In-house promotions are tricky. There are so many different kinds of companies, and so many things that can go wrong when you’re looking for a promotion. Some companies are upfront about the process: they’ll inform you if you’re being considered, let you know which committees need to approve, etc. Others are kind of like, “Uh, promotion, what’s that?,” and then they’ll just drop one on you when you least expect it, and run away (not that you’d complain about it).
Here are a couple of the obvious considerations that the powers-that-be will take into account when deciding whether you are worthy of attainment of the next level:
1. Do you do good work (i.e., do you have good legal/technical skills)?
2. Do you have good soft skills? Remember, from my last couple of posts — this covers everything from effective communication, to leadership, to being tasked with convincing your peers that going as breakdancing elves to the holiday party can show the rest of the company that Legal can be fun, too! Soft skills make or break a lot of promotion opportunities, and your superiors are looking for them. For example, one very senior in-house attorney mentioned that having courage of your convictions — to speak up (in an appropriate manner and in the appropriate venue) when you think a strategy is flawed, or when you think you have a better idea — is what distinguishes a leader from the rest of the pack.
Alright, so let’s say that you have #1 and #2 covered. And you’ve made it absolutely clear that you want a promotion (and “I was wondering if, uh, you noticed what a good job I did on that contract the other day” doesn’t count). You should start evaluating color schemes for that larger office you’ve been eyeing, right? Well, don’t switch your name plate over just yet. As far as your company’s concerned, “yes” answers to the above questions are great, but they just mean you’re performing as expected for your level. Here are some of the less obvious questions that they’ll also be thinking about….
1. Is there a business justification to add on a more senior lawyer? If you want to move up a level, generally the company needs a business justification for it instead of just, “Goshdarnit, she works super hard and she really, really wants a promotion.” For example, perhaps more legal support is needed because the company has acquired other businesses, or it’s developing a lot of new products and services. Or there’s an open position above you because someone else has gotten promoted or left the company. Or maybe there are new regulations, or other major changes in your company’s industry that need a senior legal person’s attention.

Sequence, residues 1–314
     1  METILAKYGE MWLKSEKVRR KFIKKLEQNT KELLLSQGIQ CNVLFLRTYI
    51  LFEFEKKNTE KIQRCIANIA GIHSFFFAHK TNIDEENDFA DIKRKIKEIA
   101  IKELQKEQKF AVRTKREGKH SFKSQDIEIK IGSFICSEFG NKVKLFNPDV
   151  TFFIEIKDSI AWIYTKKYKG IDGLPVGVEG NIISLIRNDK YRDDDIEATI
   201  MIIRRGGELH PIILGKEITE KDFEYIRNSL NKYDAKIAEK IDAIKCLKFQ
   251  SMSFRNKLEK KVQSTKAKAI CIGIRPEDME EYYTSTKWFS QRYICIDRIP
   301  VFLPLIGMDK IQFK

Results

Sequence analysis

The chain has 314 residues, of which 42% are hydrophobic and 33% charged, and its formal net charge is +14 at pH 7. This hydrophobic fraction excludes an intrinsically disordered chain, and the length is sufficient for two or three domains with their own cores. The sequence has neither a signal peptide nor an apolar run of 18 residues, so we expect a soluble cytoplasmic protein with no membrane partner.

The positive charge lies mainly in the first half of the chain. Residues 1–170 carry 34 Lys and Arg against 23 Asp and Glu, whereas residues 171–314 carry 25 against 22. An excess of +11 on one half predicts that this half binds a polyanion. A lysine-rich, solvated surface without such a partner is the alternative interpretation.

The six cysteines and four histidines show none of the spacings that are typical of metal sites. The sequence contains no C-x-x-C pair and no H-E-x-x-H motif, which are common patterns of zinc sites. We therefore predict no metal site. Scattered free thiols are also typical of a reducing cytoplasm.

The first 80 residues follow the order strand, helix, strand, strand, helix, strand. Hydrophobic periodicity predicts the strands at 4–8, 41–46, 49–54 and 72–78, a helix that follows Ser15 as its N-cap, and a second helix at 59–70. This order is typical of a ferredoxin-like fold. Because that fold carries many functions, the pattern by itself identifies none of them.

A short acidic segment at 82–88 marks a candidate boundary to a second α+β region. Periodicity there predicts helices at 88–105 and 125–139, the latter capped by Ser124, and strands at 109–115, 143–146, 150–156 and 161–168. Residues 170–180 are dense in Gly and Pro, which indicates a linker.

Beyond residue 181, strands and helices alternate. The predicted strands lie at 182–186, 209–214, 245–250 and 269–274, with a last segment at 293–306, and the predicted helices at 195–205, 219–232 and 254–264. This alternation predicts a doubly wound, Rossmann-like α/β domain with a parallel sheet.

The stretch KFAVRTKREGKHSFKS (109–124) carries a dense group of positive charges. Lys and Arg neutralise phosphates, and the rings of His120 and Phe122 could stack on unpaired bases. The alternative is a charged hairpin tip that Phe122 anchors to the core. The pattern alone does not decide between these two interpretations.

2. Are you ready to take on higher level responsibilities? Unfortunately, this is a bit of a chicken and egg question: they want to know that you can handle more senior responsibilities, but how are you supposed to show them that you can if you only have more junior responsibilities? Never fear. There are a few ways to work on this. First, you can become so good at your “junior” work, that those above you gain confidence to entrust you with more difficult work. Second, you can get involved in work that more senior people do in order to eventually learn how to do it yourself. Third, you know how everyone says to volunteer for bigger, stretch projects? So yeah, that. And don’t forget — higher level responsibilities involve not only technical work, but also other work, such as managing people.
3. Are your qualifications similar to those at the next level, and “better” than others at your level? Companies care a lot about morale and (the appearance of) fairness. If an employee gets promoted who doesn’t seem to “deserve” it, it can result in a lot of grumbling, people threatening to leave, or a bunch of miserable elves at the holiday party.
4. Is the company willing to pay for a more senior attorney? Money is a barrier to many things in life…
5. Do you have someone vouching for your promotion? Do you have a sponsor who will champion your cause and beat down all of the other sponsors into submission when the pool of candidates is being considered?
6. Do important people know who you are and think well of you? If you need this one explained to you, then you’re not ready for a promotion.
If the answer to any of the questions above is “no,” then your chances of getting a promotion are probably low. There are some items above that you can control, and others that you have a lot less control over. Work on ones that you can, so that when (if?) the opportunity arises, you can end up eyeing that larger office from the inside out.
Susan Moon is an in-house attorney at a travel and hospitality company. Her opinions are her own and not those of her company. Also, the experiences Susan shares may include others’ experiences (many in-house friends insist on offering ideas for the blog). You can reach her at SusanMoonATL@gmail.com and follow her on Twitter at @SusanMoon.